Kids Corner

Children separated as parents remain in home country

Written by The Frontier Post

KABUL (BBC News): A man who has been living in Afghanistan away from his young children for a year said he did not know when his family would be reunited.

The father, who has a British passport, said he had to remain in Afghanistan to protect his wife while the country was under Taliban rule.

Their three children came to the UK in 2021 with other relatives and lived in a hotel in Luton for a year. The Home Office said British citizens could apply for a spouse visa.

The children, now aged nine, 11 and 13, were separated from their parents when a bomb went off at Kabul Airport in August 2021.

Thousands, particularly those who had connections to US and British forces, had gone there to try to fly out of the country in the wake of the US withdrawal, when the Taliban regained control of the capital.

The family had gone to the airport together and were then split up in the ensuing chaos, but the children managed to find other family members and travelled with them to the UK that month, leaving their parents behind.

The father, who already had a British passport and had lived in Britain previously, is not being identified by the BBC for safety reasons.

He said he would have considered taking his children back to Afghanistan to keep the family together but he thought their education in the UK was more important.

“The school is abandoned in Afghanistan,” he said. “I cannot take my kids back to Afghanistan, this is the reason – because of their education.”

In order for the father to get a UK visa for his wife, he said he had been told he would need a confirmed job offer in the UK, or proof of earnings, which he said would not be possible to obtain from Afghanistan.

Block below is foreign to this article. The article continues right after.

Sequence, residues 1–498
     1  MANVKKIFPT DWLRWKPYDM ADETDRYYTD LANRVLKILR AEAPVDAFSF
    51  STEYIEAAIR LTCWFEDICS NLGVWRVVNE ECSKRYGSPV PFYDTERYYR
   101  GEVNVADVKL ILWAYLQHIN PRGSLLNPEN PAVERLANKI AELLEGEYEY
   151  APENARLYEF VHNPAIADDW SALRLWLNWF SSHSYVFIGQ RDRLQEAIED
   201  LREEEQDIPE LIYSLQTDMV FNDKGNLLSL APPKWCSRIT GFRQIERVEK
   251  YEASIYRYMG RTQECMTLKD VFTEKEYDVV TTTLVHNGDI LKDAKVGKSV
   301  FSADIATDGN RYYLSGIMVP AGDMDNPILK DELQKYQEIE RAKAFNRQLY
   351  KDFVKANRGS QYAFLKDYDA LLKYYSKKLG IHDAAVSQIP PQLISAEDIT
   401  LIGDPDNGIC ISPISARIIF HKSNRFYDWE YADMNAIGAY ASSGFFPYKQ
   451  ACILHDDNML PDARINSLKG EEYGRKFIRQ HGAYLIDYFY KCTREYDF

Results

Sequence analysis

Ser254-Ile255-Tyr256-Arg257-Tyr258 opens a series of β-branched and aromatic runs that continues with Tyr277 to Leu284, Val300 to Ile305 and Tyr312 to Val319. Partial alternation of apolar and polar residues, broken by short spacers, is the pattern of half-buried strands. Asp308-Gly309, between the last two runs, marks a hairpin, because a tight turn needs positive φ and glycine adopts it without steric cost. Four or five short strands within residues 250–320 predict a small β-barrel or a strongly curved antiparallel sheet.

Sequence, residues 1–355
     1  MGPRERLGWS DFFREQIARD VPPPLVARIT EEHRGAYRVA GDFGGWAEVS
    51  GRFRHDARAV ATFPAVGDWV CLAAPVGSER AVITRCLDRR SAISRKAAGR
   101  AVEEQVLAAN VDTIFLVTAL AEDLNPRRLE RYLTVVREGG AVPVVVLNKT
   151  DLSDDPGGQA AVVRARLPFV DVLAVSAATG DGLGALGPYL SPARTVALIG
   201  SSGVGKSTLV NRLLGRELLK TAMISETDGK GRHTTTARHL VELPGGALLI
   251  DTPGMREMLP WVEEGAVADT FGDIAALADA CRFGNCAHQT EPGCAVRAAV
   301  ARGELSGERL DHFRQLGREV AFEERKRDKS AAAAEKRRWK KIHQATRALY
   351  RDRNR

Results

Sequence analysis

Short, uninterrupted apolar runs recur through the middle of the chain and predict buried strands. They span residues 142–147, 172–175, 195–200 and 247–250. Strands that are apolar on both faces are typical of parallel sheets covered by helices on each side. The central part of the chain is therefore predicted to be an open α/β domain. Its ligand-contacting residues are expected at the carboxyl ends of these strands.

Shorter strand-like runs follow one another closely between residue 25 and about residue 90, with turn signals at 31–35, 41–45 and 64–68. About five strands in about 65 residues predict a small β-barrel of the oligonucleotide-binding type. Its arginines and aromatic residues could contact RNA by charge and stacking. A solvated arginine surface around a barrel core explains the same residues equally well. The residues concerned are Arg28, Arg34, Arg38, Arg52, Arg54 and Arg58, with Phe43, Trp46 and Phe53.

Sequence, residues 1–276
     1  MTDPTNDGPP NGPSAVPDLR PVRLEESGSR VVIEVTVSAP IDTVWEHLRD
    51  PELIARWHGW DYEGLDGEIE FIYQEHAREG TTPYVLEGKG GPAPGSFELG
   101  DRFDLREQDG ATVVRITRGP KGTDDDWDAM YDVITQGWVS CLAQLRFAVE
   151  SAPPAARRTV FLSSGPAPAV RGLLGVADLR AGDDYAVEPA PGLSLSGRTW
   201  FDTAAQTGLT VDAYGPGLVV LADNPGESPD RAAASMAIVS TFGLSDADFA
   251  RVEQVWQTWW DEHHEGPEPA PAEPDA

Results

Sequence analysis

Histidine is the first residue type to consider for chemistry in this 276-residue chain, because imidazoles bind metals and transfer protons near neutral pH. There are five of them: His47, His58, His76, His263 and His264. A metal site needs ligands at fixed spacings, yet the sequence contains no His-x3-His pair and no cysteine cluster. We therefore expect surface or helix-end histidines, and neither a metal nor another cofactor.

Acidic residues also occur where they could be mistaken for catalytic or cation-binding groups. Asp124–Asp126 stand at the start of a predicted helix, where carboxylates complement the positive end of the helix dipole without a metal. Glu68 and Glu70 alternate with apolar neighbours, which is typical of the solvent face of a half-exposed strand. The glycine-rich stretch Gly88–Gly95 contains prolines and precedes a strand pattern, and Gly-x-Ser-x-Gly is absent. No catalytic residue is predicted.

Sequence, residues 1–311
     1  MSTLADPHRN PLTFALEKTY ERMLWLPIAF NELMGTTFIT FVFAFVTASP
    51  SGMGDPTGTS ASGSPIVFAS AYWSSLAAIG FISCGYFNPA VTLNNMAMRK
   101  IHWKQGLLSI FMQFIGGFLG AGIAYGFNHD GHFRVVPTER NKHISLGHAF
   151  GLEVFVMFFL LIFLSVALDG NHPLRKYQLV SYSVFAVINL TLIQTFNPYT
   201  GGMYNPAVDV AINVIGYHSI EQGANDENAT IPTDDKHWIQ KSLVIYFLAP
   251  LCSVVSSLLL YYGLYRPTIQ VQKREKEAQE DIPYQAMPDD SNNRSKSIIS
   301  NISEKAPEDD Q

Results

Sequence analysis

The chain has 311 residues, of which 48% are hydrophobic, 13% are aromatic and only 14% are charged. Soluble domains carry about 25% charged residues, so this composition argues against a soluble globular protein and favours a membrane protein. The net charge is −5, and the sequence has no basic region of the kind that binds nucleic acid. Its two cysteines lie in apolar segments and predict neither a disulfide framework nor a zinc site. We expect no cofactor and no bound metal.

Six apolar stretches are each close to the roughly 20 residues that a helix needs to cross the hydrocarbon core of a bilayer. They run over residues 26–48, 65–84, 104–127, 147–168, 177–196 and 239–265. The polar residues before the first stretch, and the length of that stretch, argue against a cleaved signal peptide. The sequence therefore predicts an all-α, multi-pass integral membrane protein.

“I don’t have the requirements at the moment because I would have to stay and work and get six months’ pay slips and I can’t stay here for six months because of my wife,” he said.

“She cannot go shopping to buy food [without a male escort] because of the situation in Afghanistan, especially for women – they’re asking where you are going, who you are.”

He said his wife’s situation had led to conflicting thoughts about what to do with their children.

“My wife is crying every day for the children. I might have to take my kids back to Afghanistan for her mental well-being,” he said. After staying in a hotel in Luton for a year, the children and their relatives recently moved into a house in the Midlands.

Their eldest daughter, aged 13, said her father had managed to visit her and her brother and sister, “for a few weeks”, but he had then returned to their mother. The teenager said she was unable to communicate with parents who “don’t have any internet”. “That is hard for me,” she said.

A spokesman for the Home Office said it did not routinely comment on individual cases but said the government was “committed to providing protection for vulnerable and at-risk people fleeing Afghanistan”.

“The situation is complex and presents significant challenges, including securing safe passage out of the country for those who want to leave – and who are eligible for resettlement in the UK,” the Home Office said.

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The Frontier Post